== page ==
I love a good ‘hunt’ in the springtime, first for skunk cabbage, then on to fiddleheads! These perennials like rich soil by riverbanks or in the woods. We are fortunate enough to have several patches of them, so I get excited about picking and cooking them.
As for taste, they are much like asparagus combined with artichoke, subtle and mellow and can be cooked and eaten in similar ways. They should be picked when they reach a height of three inches, are curled and still a little ‘rusty’ near the bottoms. Break them off with your fingers but don’t snack until they are thoroughly cleaned. If you pick them wild, be sure to leave some to ensure future generations of the plant. Rub off any brown scales with your hand or toss inside a clean cloth. Rinse them well, and soak in cold water a couple of times to remove the dirt, swooshing them around. Then put them on a cloth to dry. Now they are ready for cooking.
Steam them, or sauté lightly in butter and herbs. Serve with soy sauce, lemon juice or cider vinegar. They only need to be steamed for a few minutes to make them tender. Boiling them is not recommended. Fiddleheads have not always been available commercially; now that they are, their market season is a short window of opportunity. Their growing season only lasts for two weeks whether located in the south or in Canada. They don’t keep well, either, so wrap them in plastic, refrigerate and use within two days.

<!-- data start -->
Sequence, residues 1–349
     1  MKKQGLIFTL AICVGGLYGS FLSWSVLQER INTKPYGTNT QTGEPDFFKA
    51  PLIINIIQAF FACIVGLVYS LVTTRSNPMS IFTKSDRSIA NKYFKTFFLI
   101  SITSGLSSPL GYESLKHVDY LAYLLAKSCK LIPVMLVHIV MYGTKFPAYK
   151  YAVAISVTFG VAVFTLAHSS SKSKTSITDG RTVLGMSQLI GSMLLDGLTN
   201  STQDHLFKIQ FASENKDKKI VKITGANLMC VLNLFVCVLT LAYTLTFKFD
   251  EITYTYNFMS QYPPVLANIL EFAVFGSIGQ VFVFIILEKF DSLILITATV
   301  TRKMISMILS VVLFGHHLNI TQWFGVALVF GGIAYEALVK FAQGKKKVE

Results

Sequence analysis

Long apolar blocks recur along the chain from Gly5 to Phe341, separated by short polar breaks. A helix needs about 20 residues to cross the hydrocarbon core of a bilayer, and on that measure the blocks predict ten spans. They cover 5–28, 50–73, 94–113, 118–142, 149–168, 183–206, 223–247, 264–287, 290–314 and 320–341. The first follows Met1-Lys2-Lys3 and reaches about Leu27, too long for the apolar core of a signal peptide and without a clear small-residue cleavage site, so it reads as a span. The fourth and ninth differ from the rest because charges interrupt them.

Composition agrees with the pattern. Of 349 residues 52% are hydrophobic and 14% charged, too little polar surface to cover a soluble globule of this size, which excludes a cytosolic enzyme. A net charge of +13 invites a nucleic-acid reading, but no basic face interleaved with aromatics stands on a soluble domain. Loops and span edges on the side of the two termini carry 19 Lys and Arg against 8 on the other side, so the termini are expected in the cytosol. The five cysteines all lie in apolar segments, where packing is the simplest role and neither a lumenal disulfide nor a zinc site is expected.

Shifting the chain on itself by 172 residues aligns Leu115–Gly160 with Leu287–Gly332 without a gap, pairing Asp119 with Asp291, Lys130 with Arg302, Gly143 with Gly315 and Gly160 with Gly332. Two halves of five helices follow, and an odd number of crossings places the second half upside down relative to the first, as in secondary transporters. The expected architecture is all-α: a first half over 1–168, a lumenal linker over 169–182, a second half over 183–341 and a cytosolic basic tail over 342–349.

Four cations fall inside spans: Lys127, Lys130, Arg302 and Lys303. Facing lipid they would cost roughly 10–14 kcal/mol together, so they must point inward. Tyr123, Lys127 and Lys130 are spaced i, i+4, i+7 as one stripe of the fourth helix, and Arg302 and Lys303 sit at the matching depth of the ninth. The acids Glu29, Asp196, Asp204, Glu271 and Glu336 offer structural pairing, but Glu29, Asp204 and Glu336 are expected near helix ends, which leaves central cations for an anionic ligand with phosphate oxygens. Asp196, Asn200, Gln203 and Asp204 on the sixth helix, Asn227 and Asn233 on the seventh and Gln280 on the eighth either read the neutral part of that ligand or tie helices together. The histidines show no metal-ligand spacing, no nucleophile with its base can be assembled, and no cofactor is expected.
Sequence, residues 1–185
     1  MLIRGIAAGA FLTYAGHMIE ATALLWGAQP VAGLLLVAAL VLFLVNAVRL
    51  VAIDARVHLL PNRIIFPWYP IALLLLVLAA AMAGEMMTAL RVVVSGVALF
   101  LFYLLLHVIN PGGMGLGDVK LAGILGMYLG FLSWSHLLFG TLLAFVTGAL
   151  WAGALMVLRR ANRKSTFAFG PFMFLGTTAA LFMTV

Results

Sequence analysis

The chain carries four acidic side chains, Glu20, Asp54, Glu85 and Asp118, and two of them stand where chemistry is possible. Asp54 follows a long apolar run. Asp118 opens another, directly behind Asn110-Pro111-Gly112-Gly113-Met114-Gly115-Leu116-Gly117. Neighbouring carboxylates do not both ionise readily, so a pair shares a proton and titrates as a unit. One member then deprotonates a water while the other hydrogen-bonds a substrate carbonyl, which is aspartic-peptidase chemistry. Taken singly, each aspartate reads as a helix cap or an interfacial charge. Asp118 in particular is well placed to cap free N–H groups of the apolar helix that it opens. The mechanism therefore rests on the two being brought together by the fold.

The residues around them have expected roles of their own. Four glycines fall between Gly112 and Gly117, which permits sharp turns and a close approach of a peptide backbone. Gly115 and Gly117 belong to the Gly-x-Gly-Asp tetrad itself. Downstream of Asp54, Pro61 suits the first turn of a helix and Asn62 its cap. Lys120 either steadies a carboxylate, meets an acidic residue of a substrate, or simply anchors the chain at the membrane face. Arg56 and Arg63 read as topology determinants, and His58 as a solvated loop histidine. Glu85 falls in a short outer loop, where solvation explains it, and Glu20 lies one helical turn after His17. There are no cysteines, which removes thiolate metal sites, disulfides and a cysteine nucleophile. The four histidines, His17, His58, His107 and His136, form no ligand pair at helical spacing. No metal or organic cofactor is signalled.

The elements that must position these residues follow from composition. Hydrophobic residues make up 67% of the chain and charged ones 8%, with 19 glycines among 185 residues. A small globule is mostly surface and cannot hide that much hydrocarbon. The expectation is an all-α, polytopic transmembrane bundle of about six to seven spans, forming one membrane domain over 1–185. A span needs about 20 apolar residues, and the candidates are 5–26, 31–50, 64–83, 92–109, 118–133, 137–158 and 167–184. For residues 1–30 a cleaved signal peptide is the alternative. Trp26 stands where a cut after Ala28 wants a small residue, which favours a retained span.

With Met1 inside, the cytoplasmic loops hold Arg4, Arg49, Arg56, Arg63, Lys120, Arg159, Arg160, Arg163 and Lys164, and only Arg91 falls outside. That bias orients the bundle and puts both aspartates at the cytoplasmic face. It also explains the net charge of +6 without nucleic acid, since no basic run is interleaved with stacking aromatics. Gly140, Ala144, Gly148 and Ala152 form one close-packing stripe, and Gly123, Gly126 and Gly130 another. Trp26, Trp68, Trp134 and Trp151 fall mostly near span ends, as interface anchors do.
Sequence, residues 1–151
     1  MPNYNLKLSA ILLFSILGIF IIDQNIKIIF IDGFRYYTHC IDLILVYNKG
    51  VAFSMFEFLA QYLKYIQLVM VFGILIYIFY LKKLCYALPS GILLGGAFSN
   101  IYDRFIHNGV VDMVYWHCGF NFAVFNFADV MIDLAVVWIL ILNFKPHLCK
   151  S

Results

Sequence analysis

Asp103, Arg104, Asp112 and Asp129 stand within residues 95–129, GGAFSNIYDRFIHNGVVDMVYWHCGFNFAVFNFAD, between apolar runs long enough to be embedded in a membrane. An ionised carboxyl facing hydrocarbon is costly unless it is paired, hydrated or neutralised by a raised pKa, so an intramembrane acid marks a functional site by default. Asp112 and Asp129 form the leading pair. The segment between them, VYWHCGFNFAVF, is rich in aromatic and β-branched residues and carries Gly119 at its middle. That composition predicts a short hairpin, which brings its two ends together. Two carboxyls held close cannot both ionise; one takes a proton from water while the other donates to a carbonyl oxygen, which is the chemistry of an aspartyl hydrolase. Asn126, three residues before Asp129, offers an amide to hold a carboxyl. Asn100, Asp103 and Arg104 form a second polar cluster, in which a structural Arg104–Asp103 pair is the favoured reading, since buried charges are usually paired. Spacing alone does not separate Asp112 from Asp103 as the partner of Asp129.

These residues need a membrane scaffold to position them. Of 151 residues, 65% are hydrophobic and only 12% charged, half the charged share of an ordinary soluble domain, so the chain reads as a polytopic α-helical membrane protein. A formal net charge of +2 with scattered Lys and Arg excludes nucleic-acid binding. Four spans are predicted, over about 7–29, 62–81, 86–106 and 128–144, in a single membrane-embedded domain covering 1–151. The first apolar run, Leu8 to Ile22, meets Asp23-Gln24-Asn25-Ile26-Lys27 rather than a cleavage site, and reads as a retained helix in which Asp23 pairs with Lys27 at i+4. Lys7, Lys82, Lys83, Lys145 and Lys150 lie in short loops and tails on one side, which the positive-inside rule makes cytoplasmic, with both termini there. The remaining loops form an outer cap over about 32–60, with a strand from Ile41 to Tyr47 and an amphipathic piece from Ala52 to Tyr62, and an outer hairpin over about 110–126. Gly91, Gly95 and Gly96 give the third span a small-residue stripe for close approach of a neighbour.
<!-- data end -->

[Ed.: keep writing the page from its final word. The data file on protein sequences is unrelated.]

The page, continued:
My family’s favorite way to enjoy them is steamed tender, chilled and served atop a mixed green salad. They are very pretty; they are named for their resemblance to the top of a violin.
Fiddlehead Salad with Vinaigrette
Mixed greens: Mesclun, Watercress, Spinach and/or Arugula
A few fresh mushrooms, sliced paper-thin
Two or more scallions, sliced very thin, include greens
½ cup goat or feta cheese sprinkled on top
4 tablespoons good olive oil
2 tablespoons red wine vinegar
1 teaspoon Dijon mustard
Tiny pinch sugar
Salt & Pepper to taste
Dale Carson, Abenaki, is the author of three books: New Native American Cooking, Native New England Cooking and A Dreamcatcher Book. She has written about and demonstrated Native cooking techniques for more than 30 years. Dale has four grown children and lives with them and her husband in Madison, Connecticut.